Given the intensity of social disapproval of the overweight, why are Americans fat and getting fatter? Despite many plausible theories, no one has yet advanced a completely satisfying explanation, and that is in itself unsettling. Robert Pool argues that overweight is a natural response to an unnatural environment, where calorie-rich food is readily available with little or no physical effort. To illustrate his argument, Pool cites the case of the Pima Indians, a hardy, lean people well-adapted to their rigorous desert environment in the nineteenth century, but today one of the most obese and unhealthy subpopulations in the United States.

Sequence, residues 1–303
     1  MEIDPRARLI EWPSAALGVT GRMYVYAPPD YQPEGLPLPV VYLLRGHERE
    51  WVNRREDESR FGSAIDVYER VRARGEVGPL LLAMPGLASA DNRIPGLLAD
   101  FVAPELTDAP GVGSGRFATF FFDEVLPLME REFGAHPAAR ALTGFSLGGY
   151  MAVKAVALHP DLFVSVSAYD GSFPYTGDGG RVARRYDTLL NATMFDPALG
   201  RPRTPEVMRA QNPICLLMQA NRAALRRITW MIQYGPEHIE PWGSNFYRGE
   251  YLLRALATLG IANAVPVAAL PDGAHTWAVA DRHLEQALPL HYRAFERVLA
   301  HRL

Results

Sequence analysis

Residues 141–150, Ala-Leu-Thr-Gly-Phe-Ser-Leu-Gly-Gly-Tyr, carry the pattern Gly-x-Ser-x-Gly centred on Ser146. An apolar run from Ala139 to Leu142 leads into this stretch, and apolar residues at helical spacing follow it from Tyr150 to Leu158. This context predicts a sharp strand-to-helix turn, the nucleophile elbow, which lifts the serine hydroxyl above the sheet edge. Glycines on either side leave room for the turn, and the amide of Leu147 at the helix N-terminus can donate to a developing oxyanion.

Pool is no doubt correct that our modern civilization, in which applied science has furnished us with what our ancestors could only wish for, easily obtainable and abundant food, is the enabling factor for overweight. But Pool’s book does not well account for the timing of the American obesity epidemic: It is not obvious that food was more abundant, or labor-saving devices such as elevators more prevalent, in the 1990s than they were a decade or more back. This is a troubling omission in a book which proclaims that our obesity epidemic “is not an individual problem. It is a disease caused by a sick environment to which some of us are more susceptible than others.”